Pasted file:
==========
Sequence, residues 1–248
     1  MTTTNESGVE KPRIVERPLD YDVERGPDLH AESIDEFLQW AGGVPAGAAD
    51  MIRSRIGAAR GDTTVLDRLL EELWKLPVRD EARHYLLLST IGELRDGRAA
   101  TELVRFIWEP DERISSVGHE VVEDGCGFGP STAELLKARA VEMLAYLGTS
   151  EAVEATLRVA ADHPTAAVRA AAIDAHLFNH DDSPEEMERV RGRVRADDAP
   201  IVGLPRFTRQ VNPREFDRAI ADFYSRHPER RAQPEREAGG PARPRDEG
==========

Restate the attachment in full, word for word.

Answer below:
Sequence, residues 1–248
     1  MTTTNESGVE KPRIVERPLD YDVERGPDLH AESIDEFLQW AGGVPAGAAD
    51  MIRSRIGAAR GDTTVLDRLL EELWKLPVRD EARHYLLLST IGELRDGRAA
   101  TELVRFIWEP DERISSVGHE VVEDGCGFGP STAELLKARA VEMLAYLGTS
   151  EAVEATLRVA ADHPTAAVRA AAIDAHLFNH DDSPEEMERV RGRVRADDAP
   201  IVGLPRFTRQ VNPREFDRAI ADFYSRHPER RAQPEREAGG PARPRDEG